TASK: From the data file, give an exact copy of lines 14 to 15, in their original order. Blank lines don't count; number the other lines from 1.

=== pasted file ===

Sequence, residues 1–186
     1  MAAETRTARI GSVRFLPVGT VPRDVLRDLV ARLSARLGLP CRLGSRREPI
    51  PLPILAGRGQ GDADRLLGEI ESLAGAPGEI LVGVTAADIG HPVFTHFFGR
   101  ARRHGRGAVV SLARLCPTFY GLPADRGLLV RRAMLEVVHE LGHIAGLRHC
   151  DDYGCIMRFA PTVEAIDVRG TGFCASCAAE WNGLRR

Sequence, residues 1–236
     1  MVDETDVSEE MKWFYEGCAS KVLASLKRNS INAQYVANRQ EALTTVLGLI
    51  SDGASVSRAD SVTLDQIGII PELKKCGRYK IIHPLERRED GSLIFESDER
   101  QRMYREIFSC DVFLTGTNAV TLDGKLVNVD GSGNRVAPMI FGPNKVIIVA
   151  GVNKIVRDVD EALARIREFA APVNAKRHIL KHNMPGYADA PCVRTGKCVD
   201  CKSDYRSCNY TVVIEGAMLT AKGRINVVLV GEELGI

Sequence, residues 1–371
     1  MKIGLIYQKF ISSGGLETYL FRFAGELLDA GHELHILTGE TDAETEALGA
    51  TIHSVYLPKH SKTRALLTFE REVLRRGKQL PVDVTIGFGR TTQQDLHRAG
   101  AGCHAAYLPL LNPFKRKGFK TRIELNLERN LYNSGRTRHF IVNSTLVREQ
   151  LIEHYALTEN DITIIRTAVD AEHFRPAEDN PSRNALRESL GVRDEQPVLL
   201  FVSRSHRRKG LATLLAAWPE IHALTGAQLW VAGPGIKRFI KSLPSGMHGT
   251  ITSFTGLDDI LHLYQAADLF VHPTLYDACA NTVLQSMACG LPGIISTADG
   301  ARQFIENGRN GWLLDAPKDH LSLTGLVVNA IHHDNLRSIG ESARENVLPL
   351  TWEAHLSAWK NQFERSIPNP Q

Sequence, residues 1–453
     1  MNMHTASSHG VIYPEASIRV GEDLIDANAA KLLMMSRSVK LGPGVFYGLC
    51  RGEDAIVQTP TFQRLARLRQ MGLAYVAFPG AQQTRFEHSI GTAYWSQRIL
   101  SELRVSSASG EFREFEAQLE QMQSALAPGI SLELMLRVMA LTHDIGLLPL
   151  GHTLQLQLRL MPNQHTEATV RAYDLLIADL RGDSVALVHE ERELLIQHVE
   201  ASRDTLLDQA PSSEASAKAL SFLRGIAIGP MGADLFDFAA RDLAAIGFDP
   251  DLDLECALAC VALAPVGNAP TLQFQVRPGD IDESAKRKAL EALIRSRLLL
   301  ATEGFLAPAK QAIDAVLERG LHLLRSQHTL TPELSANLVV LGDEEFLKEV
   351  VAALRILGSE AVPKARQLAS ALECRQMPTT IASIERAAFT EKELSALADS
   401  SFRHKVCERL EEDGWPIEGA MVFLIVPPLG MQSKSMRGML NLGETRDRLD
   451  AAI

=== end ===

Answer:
    51  TIHSVYLPKH SKTRALLTFE REVLRRGKQL PVDVTIGFGR TTQQDLHRAG
   101  AGCHAAYLPL LNPFKRKGFK TRIELNLERN LYNSGRTRHF IVNSTLVREQ